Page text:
Making that explosive growth possible is access to water delivered through
an increasingly byzantine system centered on the Sacramento­San Joaquin
Delta, a thousand-square-mile web of channels, islands, and levees where
the two rivers meet before flowing into the San Francisco Bay. From there,
giant dams and pumps suck the water southward through veinlike aqueducts to
25 million people and more than 5 million acres of farmland. But not all
water consumers are created equally. In fact, access to the water is
essentially based on a squatters' rights notion: "First in rights, first in
time." In other words, whoever signed up for a water contract first got the
best guarantees. Latecomers got junior rights, meaning they'd be the first
to get cut in a dry. Westlands, which has a contract for water delivery
with the federal government, is the most junior of the bunch.

It was complicated and costly, but for a long time, the system worked. Over
the last three decades, however, the valley's explosive growth has caused
rivers to run dry, dead fish to accumulate near the water pumps, and
chronic water shortages. The levees near the bay are old, prompting worries
that a failure, perhaps following an earthquake, could cause salt water
from the bay to rush into the delta, crippling the water supply for the
entire state. And the delta smelt, an endangered species of fish no bigger
than an index finger, began disappearing as the massive pumps sucked up
fish along with the water it was sending south. Lawsuits over the fish
filed by environmental groups and water contractors multiplied, and
court-imposed restrictions and regulations began siphoning off more and
more of the 6 million acre-feet of water exported through the river basin
each year.
Most people in the valley blame their water woes on those lawsuits and the
fish. Since 1992, when Congress established new federal ecosystem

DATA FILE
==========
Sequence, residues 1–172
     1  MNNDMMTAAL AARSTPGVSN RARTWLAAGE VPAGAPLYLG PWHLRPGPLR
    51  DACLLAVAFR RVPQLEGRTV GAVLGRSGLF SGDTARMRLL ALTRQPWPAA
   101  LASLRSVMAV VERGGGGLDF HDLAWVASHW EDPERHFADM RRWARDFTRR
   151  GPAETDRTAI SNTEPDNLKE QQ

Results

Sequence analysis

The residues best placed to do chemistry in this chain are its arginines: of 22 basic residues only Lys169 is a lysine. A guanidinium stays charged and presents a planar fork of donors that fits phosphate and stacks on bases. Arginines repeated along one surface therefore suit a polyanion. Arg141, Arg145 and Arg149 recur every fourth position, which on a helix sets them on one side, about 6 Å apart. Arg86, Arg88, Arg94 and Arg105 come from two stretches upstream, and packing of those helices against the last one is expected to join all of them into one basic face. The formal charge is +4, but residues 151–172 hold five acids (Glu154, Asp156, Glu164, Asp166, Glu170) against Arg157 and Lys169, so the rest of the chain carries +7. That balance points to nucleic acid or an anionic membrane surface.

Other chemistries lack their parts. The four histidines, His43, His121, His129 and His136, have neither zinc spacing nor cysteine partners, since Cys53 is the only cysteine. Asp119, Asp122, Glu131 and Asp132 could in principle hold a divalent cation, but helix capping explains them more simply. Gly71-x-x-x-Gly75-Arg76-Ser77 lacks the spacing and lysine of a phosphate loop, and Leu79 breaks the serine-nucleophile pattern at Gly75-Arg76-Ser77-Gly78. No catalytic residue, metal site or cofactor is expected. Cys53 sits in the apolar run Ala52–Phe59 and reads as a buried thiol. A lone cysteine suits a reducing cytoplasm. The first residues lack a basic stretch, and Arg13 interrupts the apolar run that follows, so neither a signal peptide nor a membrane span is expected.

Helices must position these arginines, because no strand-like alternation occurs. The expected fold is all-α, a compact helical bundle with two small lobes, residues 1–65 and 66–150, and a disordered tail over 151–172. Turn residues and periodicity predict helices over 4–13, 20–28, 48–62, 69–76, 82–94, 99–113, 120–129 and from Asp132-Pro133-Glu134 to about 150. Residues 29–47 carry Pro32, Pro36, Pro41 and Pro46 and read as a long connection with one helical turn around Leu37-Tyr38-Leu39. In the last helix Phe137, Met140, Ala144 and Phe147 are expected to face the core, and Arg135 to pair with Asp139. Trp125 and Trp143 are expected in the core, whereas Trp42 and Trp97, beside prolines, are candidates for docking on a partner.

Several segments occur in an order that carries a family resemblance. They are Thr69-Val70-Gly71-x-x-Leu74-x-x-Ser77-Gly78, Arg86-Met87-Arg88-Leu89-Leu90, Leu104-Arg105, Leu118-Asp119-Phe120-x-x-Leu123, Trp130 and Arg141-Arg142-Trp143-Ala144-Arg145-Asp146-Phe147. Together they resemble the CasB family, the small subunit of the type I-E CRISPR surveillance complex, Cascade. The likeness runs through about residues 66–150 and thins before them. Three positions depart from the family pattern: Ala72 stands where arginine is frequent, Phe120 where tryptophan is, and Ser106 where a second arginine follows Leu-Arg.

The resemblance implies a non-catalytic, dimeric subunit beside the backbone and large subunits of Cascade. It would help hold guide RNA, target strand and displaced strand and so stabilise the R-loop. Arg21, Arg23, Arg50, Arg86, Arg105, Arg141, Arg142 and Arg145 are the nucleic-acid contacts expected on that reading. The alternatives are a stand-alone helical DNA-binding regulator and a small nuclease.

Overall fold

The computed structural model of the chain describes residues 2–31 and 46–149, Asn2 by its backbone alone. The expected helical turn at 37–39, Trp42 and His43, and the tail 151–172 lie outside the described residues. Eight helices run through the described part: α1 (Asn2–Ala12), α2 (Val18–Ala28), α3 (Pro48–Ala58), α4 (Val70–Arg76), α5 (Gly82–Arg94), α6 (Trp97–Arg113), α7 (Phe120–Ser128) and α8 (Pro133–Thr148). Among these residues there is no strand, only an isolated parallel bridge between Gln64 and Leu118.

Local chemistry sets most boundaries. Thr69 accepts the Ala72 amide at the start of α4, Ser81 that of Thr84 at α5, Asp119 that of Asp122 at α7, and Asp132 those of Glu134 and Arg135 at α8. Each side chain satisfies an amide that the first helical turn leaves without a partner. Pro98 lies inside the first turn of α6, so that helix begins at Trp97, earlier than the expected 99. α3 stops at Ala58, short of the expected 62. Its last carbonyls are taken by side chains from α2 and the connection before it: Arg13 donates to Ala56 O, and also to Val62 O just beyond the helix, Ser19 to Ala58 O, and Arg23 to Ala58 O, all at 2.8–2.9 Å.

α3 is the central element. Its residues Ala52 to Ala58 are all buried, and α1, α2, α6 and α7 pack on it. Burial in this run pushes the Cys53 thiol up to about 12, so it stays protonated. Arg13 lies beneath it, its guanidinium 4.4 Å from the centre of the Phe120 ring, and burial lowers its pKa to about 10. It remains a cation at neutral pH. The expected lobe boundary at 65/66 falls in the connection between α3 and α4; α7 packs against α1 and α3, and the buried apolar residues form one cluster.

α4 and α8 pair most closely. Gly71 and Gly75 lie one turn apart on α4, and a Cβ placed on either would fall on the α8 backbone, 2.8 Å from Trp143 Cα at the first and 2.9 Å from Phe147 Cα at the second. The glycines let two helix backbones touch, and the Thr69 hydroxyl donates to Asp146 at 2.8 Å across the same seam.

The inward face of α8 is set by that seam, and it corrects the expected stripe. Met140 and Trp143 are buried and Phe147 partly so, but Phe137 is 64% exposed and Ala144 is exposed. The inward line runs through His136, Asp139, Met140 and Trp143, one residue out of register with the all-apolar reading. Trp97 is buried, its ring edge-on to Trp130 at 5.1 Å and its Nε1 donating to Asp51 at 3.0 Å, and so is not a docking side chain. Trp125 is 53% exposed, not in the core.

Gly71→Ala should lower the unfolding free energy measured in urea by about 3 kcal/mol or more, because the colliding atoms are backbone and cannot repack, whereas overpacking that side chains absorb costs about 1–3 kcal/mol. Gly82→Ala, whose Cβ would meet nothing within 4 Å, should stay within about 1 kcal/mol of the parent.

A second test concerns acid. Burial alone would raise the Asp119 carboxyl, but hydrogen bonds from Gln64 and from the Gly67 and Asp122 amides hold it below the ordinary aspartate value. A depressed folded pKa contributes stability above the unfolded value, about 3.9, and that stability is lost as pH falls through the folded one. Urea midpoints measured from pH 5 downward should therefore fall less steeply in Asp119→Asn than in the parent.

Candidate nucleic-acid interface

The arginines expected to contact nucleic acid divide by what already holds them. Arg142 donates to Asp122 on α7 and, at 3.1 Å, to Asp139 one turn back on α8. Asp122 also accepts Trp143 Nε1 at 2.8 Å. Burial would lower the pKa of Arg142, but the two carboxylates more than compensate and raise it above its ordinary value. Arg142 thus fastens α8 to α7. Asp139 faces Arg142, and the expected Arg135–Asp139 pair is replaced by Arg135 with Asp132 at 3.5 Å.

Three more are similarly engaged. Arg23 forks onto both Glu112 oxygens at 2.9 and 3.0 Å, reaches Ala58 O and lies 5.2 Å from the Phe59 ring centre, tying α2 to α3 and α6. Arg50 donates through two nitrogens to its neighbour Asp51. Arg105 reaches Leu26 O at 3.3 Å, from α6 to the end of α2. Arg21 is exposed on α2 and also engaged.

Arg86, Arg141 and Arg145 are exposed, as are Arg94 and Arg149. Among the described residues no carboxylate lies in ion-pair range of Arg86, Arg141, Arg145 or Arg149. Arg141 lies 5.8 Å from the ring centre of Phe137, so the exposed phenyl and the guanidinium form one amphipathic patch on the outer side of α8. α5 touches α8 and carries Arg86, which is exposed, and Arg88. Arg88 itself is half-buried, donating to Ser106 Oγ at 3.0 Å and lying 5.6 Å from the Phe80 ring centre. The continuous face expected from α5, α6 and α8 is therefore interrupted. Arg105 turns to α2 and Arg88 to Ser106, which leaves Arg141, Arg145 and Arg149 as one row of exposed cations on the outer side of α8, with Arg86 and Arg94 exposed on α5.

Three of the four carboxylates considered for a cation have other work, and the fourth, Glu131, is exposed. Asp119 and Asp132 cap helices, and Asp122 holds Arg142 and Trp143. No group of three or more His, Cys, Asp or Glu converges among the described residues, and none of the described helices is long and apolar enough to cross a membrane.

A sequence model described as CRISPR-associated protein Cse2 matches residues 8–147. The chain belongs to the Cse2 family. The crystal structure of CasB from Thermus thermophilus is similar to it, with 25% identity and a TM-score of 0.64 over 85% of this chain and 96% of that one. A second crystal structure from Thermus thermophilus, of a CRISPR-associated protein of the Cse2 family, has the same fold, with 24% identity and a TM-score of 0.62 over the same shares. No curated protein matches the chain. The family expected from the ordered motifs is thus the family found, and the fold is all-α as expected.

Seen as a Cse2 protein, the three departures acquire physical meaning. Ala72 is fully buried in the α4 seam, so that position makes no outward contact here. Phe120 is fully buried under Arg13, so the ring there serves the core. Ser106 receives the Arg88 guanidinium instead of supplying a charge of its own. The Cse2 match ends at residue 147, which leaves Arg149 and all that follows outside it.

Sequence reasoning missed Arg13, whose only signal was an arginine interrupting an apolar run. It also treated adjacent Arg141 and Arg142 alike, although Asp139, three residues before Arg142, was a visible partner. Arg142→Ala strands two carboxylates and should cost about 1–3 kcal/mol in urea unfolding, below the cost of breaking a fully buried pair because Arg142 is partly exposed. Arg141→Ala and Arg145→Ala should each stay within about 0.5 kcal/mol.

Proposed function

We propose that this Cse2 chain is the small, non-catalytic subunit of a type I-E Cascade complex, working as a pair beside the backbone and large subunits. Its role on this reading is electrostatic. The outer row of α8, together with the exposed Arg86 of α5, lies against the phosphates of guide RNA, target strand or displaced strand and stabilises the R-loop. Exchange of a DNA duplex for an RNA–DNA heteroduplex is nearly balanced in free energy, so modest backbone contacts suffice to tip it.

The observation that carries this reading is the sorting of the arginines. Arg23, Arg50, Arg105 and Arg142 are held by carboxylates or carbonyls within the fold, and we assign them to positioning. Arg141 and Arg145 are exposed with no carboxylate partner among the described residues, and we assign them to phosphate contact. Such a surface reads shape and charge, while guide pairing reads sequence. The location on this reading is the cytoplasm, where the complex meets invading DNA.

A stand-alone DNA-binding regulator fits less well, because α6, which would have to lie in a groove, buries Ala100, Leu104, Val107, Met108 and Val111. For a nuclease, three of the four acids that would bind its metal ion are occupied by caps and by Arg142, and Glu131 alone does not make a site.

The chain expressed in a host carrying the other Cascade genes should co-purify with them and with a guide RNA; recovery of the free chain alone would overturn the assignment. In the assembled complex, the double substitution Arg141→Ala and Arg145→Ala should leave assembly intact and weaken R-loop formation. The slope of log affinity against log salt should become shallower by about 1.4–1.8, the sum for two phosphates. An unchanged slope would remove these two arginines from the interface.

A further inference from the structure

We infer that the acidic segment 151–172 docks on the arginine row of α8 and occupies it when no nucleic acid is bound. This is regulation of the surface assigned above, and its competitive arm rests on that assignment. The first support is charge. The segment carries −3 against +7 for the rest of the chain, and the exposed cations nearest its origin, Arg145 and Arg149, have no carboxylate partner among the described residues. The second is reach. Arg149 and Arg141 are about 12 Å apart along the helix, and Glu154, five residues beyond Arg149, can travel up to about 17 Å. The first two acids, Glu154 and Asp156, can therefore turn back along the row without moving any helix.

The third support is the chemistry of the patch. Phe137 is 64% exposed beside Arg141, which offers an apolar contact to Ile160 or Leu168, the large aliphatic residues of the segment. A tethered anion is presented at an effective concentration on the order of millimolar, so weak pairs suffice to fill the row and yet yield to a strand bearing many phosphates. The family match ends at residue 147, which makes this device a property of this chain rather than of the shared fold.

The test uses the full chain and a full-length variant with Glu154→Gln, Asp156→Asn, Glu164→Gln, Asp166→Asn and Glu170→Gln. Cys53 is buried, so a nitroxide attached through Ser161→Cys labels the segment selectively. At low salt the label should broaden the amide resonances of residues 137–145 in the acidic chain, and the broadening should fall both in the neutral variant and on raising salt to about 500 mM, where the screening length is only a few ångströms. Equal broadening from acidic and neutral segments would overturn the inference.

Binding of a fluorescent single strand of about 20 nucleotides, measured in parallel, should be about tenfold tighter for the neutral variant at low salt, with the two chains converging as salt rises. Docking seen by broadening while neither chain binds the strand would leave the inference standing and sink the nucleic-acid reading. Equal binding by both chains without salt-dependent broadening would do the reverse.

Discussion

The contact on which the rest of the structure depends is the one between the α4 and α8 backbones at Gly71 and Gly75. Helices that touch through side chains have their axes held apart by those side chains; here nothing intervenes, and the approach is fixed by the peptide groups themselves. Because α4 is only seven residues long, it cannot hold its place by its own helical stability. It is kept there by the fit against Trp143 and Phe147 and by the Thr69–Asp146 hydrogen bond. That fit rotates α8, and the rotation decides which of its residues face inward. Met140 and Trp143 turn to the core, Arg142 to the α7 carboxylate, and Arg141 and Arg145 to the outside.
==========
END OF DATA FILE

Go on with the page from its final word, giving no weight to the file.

standards, increasing amounts of water have been set aside for wildlife
restoration. Since then, Westlands has received on average about half as
much water as the 1.2 million acre-feet per year it ordered up in its
contract, forcing farmers to rely on expensive pumps that suck up water
from the aquefier and water transfers from their better-connected
competitors to the east. This year, Westlands is down to nearly nothing,
and its farmers are livid. Federal officials slashed the district's
allocation to zero at the beginning of the season; only after a furious
lobbying campaign did they succeed in bumping it up to 10 percent of the
water deliveries stipulated in their contract. A University of California,
Berkeley analysis claims that the economic impact of the water reductions
on the valley's agricultural production tops $48 million. That figure will
likely get worse once the water agencies begin implementing new rules this
summer designed to protect other fish such as sturgeon, salmon, and
steelhead trout. In a normal year, such a hit is difficult, says Sarah
Woolf, a Westlands District spokeswoman. After three years of natural
drought, she says, it's ruinous.

But Barry Nelson, the Natural Resources Defense Council advocate behind the
fish lawsuits, says the fish vs. people argument is nonsense. Even after
three years of drought, the Central Valley Project (CVP) is still making
half of its water deliveries to farms in the valley. Westlands just isn't
getting that water. "There's a myth in the valley about the delta smelt,
and it's really a tragedy," he says. "I don't mean for a moment to suggest
that those small communities on the west side aren't seeing impacts; they
are. They're seeing the impact of drought, and those impacts are real and
they're hard." Nelson contends that the fish aren't the problem; it's the
way the system is set up. Just adjacent to Westlands, he says, four other